Wednesday, July 20, 2011

Fun with Logon Triggers

Sometimes a process happens too fast to be traced effectively, but it's happening slowly enough to make your users angry.

Here's an example of a logon trigger setup to make a trace happen, we're using it to diagnose an issue with slow response from an ODBC connection, using user account ADMIN_JOSH:


execute immediate 'ALTER SESSION SET tracefile_identifier = MYTRACEFILE';
execute immediate 'alter session set sql_trace=true';

Note if you get the following error, the owner of the trigger needs the alter session priv (in this case system).

ORA-00604: error occurred at recursive SQL level 1
ORA-01031: insufficient privileges
ORA-06512: at line 2

Friday, July 8, 2011

It's the env, stupid

While performing the following...

$ORACLE_HOME/forms/lib32/make -f install

Got the following error:

ld: fatal: library -ljvm: not found
ld: fatal: File processing errors. No output written to frmbld
make: *** [frmbld] Error 1

Apparently no one else has ever reported this problem before...

Turns out the user's env didn't include LD_LIBRARY_PATH. Fixed that, and problem was solved.

Thursday, July 7, 2011

It pays to read the documentation

Had an issue where I couldn't get forms builder to work.

Here's the error code:

# frmbld
FRM-91111: Internal Error: window system startup failure.
FRM-10039: Unable to start up the Form Builder.

It should work right out of the box, looks like the build config had changed much, here's the env file used:

export PATH

Eventually found this documentation post about how to solve the problem. Basically since the last time we used forms builder on this server, the other Oracle homes required a change to NLS_LANG with a UTF8 characterset.

Simply added the following to the above forms builder env file fixed the issue with forms builder:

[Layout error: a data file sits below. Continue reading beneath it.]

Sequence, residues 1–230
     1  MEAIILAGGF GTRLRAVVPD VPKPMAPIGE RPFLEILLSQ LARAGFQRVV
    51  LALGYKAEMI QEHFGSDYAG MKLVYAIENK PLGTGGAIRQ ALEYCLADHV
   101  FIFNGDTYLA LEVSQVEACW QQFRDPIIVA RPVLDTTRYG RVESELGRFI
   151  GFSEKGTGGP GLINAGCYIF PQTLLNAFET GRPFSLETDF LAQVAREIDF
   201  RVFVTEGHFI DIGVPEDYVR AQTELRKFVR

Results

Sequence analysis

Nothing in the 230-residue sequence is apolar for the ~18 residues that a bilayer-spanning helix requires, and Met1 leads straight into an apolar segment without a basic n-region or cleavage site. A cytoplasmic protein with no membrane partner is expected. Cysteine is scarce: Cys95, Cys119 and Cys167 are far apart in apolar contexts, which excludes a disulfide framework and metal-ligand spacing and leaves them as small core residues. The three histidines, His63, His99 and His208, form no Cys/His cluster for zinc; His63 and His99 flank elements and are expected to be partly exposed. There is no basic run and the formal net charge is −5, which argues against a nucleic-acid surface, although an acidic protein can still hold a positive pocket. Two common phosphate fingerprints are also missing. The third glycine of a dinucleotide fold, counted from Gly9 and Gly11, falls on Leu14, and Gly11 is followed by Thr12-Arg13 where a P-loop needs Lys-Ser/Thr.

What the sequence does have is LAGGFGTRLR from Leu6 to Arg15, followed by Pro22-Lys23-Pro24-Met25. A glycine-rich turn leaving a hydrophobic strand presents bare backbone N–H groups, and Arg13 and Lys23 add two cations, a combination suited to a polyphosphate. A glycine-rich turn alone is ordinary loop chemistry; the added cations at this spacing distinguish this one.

export NLS_LANG=

Problem solved.

Before you set global_names=true

For all the years that I've been working with Oracle I have not had to deal with the oracle streams capture/apply processes. Other DBA's on my team have had to work with it, but I didn't get the hands on experience. That is until past weekend when I had installed a streams backed process for our identity management product for creation of downstream accounts.

Part of the installation process was to set global_names=true, which as I have now found out is the recommendation from oracle. From what little I know about it, it is for additional security as well as preventing bad things from happening during clones (or so I've read).

It turns out that one of the results from enabling global_names is that you end up getting "ORA-02085: database link FOO.DB.COM connects to BAR.DB.COM" when the database link name does not match the target.

I tried "fooling" it with everything I could think of that didn't involve rewriting any of the code that calls the database link, but nothing in fact worked. The name itself has to be changed to match the target database name (which is clearly stated in oracle documentation...I hoped it was a lie).

This was new to me.

I currently have set global_names=false until I can figure out how much code has to be reworked reflecting all the database link name changes.

So the one thing I should have checked into before setting global_names to true was which database links were going to fail after the switch. And had I done that before, I would have realized the answer would be... all of them. At least now I can push for a new standard for everyone to follow when they create database links.